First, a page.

The Twenty-third Annual Forum Held in Seoul, Korea

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The Northeast Asia Economic Forum (NEAEF), co-hosted by the Korea Committee of the NEAEF and the United Nations Economic and Social Commission for Asia and the Pacific, East and North-East Asia Office (UNESCAP-ENEA), convened for the twenty-third annual conference in Seoul, South Korea on the 28th to 29th of August 2014.  Representatives from South Korea, the People’s Republic of China, Japan, Mongolia, Russia, the United States, the European Union, and UNESCAP assembled to discuss and promote economic cooperation and integration among Northeast Asian countries and their global partners.  The event was held at the Sheraton Walkerhill in Seoul, South Korea.

The 23rd NEAEF Conference panels focused on energy, transportation, infrastructure, finance and economic integration among Northeast Asian countries.  This year’s Forum built upon the twenty-two year legacy of an open dialogue among member countries toward regional integration, cooperation and peace building in the region.  The conference advanced NEAEF’s mission by targeting key issues and developing plans to increase regional cooperation and economic integration in Northeast Asia.

The conference was opened by Dr. Lee-Jay Cho, Chairman of the Northeast Asia Economic Forum, followed by welcoming remarks from the Honorable Park Kwan-Young, Chairman, Korea Committee and Former Speaker of the Assembly for the Republic of Korea.  Chairman Park shared the Republic of Korea’s desire for economic peace, prosperity and cooperation in Northeast Asia.  Dr. Choi, Kyung Hwan, Deputy Prime Minister and Dr. Kilaparti Ramakrishna, Head, United Nations Economic and Social Commission for Asia and the Pacific, East and North-East Asia Office also provided introductory remarks to open the conference.

Statements by Northeast Asia’s country representatives followed: Dr. Jiang Zhenghua, Former Vice-Chairman, Standing Committee of the National People’s Congress, China; Mr. Furukawa Motohisa, Member of the Diet, Former Minister of Policy-Strategy, Japan; Mr. George Ariyoshi, Former Governor of Hawai’i, Honorary Chairman of Northeast Asia Economic Forum, U.S.A.; Dr. Vladmir Kuznetsov, Director of the School of Regional and International Studies, Far Eastern Federal University and former governor of Primorski Krai, Russia; and Mr. Batbayar Bat-Erdene, Advisor to the President, Chairman of the Northeast Asia Association of Mongolia, Former Finance Minister of Mongolia.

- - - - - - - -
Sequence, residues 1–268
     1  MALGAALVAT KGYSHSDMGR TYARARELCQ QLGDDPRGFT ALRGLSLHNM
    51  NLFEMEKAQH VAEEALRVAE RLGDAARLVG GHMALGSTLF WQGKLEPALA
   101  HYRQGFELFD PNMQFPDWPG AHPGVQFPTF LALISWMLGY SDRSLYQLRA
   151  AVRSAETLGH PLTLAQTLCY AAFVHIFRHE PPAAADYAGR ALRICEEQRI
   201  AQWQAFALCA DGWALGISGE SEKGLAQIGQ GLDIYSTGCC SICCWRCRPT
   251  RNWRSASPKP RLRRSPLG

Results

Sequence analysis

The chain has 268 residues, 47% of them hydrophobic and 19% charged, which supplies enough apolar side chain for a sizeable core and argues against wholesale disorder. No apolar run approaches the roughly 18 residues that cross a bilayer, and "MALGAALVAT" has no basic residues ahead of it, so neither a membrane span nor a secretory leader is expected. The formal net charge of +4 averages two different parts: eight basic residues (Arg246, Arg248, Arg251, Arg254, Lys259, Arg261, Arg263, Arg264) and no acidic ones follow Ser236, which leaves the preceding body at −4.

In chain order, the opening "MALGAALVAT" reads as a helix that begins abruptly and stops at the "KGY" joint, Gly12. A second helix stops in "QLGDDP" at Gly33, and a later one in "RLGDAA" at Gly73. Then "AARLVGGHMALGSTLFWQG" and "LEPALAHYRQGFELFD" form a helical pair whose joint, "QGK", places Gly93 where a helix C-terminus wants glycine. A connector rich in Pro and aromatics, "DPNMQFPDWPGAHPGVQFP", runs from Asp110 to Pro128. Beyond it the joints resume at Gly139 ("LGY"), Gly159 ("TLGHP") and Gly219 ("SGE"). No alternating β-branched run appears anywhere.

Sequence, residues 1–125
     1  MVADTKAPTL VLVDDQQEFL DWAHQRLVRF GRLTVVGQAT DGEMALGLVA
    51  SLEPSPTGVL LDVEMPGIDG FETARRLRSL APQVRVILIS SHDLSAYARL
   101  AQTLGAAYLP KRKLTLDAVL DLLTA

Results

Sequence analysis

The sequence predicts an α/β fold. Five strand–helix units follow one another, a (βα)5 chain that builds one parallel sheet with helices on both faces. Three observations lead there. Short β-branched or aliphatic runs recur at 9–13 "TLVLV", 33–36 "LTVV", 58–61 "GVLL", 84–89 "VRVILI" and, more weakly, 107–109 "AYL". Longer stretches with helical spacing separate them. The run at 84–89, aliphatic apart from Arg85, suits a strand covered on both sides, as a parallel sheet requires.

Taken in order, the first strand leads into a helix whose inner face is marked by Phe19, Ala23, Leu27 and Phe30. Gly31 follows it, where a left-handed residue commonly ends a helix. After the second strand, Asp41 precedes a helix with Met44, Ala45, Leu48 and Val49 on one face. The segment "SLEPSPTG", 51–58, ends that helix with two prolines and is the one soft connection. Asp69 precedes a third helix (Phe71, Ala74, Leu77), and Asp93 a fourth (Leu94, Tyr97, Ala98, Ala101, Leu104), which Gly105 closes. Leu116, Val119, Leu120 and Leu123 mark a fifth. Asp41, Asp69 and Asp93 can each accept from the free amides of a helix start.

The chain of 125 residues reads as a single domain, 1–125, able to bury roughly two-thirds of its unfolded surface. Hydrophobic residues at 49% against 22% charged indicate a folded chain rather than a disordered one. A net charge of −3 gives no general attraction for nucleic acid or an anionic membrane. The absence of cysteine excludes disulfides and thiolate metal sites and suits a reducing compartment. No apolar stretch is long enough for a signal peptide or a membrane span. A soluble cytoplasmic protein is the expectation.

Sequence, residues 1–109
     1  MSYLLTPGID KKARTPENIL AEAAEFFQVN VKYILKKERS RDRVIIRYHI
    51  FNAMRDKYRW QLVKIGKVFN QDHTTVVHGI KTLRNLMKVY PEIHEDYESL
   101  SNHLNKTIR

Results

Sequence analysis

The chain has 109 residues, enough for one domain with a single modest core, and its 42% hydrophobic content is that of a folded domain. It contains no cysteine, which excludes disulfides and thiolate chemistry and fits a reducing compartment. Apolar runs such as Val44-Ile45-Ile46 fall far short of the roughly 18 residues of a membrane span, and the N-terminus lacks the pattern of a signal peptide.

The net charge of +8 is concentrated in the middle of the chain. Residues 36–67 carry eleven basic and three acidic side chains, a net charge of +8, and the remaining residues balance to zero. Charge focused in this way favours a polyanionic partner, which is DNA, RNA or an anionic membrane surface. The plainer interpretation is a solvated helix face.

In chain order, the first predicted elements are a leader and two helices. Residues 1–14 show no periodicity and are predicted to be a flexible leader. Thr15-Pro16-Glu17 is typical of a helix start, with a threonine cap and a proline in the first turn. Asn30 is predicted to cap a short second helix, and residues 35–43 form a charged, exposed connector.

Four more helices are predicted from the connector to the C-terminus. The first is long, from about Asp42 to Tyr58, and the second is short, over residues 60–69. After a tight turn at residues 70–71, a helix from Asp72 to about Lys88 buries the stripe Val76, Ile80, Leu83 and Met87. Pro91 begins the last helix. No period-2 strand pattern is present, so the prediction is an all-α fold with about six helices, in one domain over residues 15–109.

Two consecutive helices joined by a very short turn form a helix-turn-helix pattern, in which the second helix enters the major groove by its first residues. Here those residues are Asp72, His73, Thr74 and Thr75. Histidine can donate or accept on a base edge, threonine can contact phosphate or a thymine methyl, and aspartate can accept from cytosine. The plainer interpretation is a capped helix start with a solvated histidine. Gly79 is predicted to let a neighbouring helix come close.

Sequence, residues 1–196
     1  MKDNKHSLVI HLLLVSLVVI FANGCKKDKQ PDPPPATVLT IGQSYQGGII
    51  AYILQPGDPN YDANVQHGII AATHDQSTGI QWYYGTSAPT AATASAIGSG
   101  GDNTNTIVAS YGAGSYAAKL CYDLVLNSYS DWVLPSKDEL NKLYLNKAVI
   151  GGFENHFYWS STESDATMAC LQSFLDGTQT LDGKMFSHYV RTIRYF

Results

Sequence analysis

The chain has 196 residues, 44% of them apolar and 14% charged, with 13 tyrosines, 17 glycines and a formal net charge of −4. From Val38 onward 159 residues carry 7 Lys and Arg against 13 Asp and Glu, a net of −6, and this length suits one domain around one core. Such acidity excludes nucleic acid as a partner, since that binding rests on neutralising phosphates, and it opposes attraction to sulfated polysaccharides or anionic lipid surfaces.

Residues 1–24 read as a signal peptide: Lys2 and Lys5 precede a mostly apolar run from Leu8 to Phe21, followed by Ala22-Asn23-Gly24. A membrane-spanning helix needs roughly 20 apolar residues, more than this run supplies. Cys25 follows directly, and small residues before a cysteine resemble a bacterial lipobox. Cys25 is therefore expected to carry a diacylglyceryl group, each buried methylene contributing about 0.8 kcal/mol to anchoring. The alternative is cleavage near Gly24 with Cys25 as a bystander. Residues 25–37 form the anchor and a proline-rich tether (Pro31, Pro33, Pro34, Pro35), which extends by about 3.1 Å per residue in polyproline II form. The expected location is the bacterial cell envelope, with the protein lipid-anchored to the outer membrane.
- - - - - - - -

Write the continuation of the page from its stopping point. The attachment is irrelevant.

In the first morning session, distinguished representatives from each country conveyed their visions for regional economic cooperation in Northeast Asia.  The speakers shared a desire for economic integration in the region and proposed unique perspectives on how to accomplish this goal. 

The morning session focused on several themes and the first was on Free Trade Agreement and trade cooperation starting with the formation of the CJK (China-Japan-Korea) and the meaning and future of the Trans-Pacific Partnership (TPP) Agreement for Northeast Asia. Speakers presented plans for developing of the Tumen River Area, a bilateral partnership between Russia and Japan, and “Smart City” planning for increased energy efficiency across Asia.  In conclusion, economic integration in Northeast Asia should be beneficial to all countries, and therefore, requires regional cooperation among members.

The afternoon sessions on energy cooperation involved presentations on energy security, alternative energy, a low carbon future, energy infrastructure and physical connectivity in the region.  Speakers addressed the need for smarter energy usage in cities and major living areas in Northeast Asia,  promotion  of renewable energy, increased energy independence through nuclear power in South Korea, and the proposed framework for North Korea to receive energy through a new Asian Super Grid, following successful integration of the Korean peninsula.  The region may increase its reliance on GOBITEC, solar wind from the Gobi Desert, and Natural Gas (LNG) imports from the United States, both proposed as new sources of energy.  Wind energy may increase, but Natural Gas imports are expected to increase more in Northeast Asia.